thank you so much, Jack. But oh and oo everyone, I’m really glad to be with you again. I’m glad that the conference is back here in the Cherokee Nation. But as you know, everywhere you’ve gone on, we’ve tried to come and support you. No matter where you’ve had your conference, we’ve tried to be there to support you. And of course, having you here in the Cherokee Nation is particularly special to us. I love this organization. This organization helps keep that promise that the Congress made in 1987 and it helps continue the efforts that were begun in 1993. We’re now, I think, the 30th year of this organization, and I admire it. We support it because it executes on such an important mission which ought to be near and dear to the heart of every Cherokee leader, and it is.

You have some members of our Council here and those that couldn’t join us send their regrets. The Deputy Chief, I know he was able to join you the other day. Keeping the memory of our forced removal in the minds and the public consciousness in this country is important. I try to talk about the subject when I go talk to audiences, particularly non-Indian audiences. What I share with them, and something you all know well, is that the history of our forced removal is something the country ought to remember. It’s something we ought to talk about. We ought to remember that the United States, a great democracy, once tried to crush a great democracy—the Cherokee Nation. They did it more than once, but certainly, our forced removal is part of that dark chapter of history.

One thing though I try to impress upon audiences, and you all know the history, is our forced removal is important to remember, but the chapter that came after that is just as important and in some ways more important because of what it says about the Cherokee people. When I gather with you all, I think about our ancestors and what they went through. I think about those historic sites that you all help maintain and help interpret and help open up to the world and make accessible. I think about the fact that after all of that, after all of that near destruction of the Cherokee Nation—the splitting apart of our people, the damage it did to us economically, the damage it did to our social fabric, and what we faced when we were here—I mean literally right here in this area, when we had to decide as a people whether we were going to give in to the things that divided us or we were going to find a way to unite.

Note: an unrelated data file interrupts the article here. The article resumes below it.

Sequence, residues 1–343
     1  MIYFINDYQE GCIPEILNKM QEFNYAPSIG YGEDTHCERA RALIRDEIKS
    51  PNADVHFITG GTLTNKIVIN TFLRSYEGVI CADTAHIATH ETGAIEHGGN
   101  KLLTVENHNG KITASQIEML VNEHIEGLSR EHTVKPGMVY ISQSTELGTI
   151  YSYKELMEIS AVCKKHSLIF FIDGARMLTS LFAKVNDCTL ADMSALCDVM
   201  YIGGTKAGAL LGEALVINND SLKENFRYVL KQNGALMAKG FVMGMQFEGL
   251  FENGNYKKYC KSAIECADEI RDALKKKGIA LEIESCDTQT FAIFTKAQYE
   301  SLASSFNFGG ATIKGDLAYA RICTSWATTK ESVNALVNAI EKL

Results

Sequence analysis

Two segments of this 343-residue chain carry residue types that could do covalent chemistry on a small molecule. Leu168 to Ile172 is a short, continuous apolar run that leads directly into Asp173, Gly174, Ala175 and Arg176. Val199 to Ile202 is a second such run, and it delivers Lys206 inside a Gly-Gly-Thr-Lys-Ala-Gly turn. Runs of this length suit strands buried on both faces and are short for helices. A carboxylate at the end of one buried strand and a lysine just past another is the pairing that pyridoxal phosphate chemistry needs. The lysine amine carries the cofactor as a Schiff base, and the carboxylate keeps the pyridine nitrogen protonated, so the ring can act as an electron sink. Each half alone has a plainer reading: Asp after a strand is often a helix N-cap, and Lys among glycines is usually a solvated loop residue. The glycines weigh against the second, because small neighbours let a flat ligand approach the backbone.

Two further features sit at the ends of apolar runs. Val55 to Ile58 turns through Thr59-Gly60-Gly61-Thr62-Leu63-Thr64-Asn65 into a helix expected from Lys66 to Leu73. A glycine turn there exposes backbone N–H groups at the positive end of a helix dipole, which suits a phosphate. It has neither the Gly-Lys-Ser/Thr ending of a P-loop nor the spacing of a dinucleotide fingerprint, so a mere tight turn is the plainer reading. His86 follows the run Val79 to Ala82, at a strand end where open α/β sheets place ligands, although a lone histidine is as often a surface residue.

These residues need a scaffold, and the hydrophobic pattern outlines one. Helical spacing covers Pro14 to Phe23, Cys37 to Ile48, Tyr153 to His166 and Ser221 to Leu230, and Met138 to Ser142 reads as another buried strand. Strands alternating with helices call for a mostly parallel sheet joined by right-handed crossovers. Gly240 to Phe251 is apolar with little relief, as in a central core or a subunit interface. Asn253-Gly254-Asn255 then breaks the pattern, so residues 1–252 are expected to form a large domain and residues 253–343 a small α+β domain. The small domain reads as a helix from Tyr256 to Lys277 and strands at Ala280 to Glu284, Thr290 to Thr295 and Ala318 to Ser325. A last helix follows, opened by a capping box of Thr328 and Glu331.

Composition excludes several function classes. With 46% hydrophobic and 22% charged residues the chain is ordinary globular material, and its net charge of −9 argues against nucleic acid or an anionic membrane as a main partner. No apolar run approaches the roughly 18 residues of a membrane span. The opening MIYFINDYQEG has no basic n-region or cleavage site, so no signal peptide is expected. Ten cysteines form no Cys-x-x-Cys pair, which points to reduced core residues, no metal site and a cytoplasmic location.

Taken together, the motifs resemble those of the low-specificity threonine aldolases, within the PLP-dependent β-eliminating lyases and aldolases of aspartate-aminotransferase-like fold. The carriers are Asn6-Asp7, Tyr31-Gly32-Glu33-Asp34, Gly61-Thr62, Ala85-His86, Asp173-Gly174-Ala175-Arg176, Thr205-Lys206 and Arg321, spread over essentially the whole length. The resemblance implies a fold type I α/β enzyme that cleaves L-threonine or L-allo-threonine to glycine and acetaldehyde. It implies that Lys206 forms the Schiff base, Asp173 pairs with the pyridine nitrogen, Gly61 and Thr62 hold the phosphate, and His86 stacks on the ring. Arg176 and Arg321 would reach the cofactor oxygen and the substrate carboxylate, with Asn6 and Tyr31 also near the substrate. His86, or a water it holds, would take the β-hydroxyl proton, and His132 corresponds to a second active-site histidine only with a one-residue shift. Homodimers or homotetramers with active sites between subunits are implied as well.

That part of our story, I think, is something the country needs to know more about. The world needs to have a deeper appreciation of it, and our people, particularly the young people coming up, need to remember. I mean, we’re living in a world in which divisions are causing such harm to people. It’s happening all around the globe as we speak, and in the United States, it’s happening. There’s a great deal of division, sadly, as we know. Sometimes it feels irreparable. Sometimes the divisions in the country feel like we can never heal them. And one of the great parts of the Cherokee story is that if you came back to this spot or several other places in the region that you all probably have visited since you’ve been back, you’re visiting places where the divisions were deeper, where the damage probably felt much more irreparable, and where there was probably a fair amount of giving up hope on whether there would be a future of a united Cherokee Nation.